Dr. Rodrigo Sierra-Corona, Borderlands Restoration Network’s (BRN) new Executive Director, began the job in late March, replacing Dr. Kurt Vaughn. Sierra described feeling, as he drove to work on his first day, that “I am going today to my dream job.”
While his feet may be closer to the ground a month into the job, he believes the reasons why BRN drew him to Patagonia are even more true now. “I have always been drawn to nonprofit organizations that actually do the work, walk the talk, make things happen. BRN is definitely one of those organizations. Our work is environmentally and socially very relevant to this time and this place.” As for his connection to the region, Sierra said, “I have lived and worked in the borderlands for over 20 years. I am an arid-landscape ecologist. It feels like home to me.”
Sierra was born and raised in Central Mexico. He studied biology as an undergraduate and was initially very interested in studying large mammals like black bear and jaguar. As his training and job experience grew, he shifted toward an ecosystems approach to address the problems caused by overuse of lands and extraction of natural resources as well as climate change. He completed his PhD at National University of Mexico in Ecosystems Management and continued his work for both nonprofit and government organizations in Mexico, including Cuenca Los Ojos, a Network partner of BRN. For the past five years Sierra has been in California managing the 20,000-acre St. Lucia Nature Preserve. This geographic detour advanced his land management skills as well as his organizational experience managing staff, budgets, and fundraising.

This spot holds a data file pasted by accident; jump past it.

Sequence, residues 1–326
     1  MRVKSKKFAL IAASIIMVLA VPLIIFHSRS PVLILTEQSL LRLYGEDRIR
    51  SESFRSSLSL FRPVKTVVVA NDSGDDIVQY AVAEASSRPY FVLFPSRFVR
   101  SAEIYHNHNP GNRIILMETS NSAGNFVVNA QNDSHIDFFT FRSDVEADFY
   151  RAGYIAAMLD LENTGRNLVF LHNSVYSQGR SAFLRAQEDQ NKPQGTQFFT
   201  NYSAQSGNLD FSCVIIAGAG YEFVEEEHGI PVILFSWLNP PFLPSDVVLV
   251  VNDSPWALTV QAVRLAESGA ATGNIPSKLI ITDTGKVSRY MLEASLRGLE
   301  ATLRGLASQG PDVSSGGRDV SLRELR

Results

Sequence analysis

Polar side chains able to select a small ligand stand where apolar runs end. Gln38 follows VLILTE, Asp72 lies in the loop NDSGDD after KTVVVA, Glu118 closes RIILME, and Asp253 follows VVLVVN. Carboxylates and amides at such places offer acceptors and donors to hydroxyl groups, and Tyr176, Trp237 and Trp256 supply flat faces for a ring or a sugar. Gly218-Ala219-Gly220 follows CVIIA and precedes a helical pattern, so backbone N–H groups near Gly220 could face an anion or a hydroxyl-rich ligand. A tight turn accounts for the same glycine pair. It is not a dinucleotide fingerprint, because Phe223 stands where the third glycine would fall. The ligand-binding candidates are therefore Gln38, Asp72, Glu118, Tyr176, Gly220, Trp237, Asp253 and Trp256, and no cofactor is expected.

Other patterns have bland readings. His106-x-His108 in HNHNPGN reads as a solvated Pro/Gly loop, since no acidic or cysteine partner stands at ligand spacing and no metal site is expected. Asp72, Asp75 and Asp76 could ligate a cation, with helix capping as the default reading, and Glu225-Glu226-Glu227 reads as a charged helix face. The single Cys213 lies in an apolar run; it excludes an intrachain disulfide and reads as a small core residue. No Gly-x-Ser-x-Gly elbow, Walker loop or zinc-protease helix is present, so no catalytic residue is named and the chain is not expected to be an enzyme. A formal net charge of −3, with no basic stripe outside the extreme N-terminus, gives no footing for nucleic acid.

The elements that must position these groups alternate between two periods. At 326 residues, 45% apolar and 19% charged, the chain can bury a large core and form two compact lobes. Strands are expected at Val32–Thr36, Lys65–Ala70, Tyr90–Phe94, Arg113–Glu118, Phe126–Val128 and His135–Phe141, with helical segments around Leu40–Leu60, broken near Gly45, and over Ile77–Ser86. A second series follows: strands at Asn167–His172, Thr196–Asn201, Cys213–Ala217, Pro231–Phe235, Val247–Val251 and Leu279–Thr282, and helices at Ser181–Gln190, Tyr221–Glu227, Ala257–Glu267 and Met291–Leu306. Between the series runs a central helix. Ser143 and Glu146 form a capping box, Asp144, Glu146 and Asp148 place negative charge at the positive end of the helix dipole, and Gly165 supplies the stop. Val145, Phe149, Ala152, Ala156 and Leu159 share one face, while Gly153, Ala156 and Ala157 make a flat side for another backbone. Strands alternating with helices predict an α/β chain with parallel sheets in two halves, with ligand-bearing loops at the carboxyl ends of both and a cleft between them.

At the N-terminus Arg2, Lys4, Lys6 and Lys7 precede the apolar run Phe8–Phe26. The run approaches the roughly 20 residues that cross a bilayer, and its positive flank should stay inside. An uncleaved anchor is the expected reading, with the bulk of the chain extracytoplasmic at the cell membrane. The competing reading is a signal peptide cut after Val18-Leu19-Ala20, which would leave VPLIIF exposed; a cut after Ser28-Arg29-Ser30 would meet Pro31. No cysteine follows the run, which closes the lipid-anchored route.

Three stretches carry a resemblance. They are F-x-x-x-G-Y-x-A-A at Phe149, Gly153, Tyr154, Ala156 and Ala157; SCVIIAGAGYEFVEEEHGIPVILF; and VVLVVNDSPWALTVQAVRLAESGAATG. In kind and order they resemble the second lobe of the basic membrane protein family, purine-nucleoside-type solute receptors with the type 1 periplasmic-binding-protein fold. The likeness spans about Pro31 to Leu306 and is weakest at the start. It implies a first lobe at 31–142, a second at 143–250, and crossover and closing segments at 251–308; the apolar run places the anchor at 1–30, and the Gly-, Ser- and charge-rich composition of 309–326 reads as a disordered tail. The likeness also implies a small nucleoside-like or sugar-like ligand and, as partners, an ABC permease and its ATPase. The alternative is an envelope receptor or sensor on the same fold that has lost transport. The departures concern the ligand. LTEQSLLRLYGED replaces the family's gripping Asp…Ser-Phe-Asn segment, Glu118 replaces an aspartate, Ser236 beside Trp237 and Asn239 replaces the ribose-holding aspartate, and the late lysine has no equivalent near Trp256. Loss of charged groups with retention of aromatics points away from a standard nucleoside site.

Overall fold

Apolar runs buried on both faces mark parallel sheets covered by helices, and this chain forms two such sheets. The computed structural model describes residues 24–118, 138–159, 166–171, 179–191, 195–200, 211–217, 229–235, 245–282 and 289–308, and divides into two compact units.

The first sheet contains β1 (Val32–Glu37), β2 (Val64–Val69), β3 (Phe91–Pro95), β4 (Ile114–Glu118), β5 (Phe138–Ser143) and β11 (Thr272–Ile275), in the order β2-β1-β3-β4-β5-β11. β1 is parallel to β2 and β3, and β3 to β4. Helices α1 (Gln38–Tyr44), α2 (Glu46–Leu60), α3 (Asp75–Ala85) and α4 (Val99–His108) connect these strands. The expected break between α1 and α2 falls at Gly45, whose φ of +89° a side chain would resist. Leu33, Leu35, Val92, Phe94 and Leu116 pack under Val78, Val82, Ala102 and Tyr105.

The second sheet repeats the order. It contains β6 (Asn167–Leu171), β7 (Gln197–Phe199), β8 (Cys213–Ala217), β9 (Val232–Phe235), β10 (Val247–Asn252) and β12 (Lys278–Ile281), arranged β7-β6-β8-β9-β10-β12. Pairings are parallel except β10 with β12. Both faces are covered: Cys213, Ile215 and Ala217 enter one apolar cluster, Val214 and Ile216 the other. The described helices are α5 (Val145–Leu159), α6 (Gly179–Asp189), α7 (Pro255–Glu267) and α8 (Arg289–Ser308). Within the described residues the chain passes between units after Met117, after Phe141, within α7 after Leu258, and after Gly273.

When asked about his first impressions of BRN, Sierra said, “Well, first I am still very much in the learning phase and expect to be so for all of this year (and hopefully forever). So mostly I will be listening, and observing, and talking with people inside the organization, with our partners, and with the communities where we work. I can say that I am very impressed by the quality and commitment of the Borderlands staff and board. They are a group of doers. I am also impressed with the breadth and quality of our programs at BRN and the great reputation that BRN has in the region and beyond.
“As you can tell, I am excited to be here. The borderlands are a special place with a remarkable combination of biologic richness and cultural complexity. Since beginning work in the region over 20 years ago, I have seen the borderlands’ wildlife, landscapes, and communities make advancements and experience losses. We are at a critical juncture. Climate change is making big statements. The border wall is a too real embodiment of the complex social, environmental, economic and political situation we find ourselves in. BRN has a lot to offer to positively address these challenges in our region, particularly in partnership with others. There is not a place I would rather be right now doing this work.”
BRN is a 501c3 nonprofit organization based in Patagonia. It was established in 2015 and has grown to become one of the town’s largest employers, with 24 permanent employees and an additional 30 seasonal employees. Borderlands offers programs, products, and services in the areas of land management; watershed and habitat restoration; native plant and seed collection, propagation, installation, sales; and education and community outreach.
Sierra encourages everyone to visit the BRN website to get a fuller picture of BRN’s work as well as the schedule of activities and events you can participate in. He also looks forward to meeting all of BRN’s local partners and speaking with members of the Patagonia community. You can connect with him at firstname.lastname@example.org to set up a time.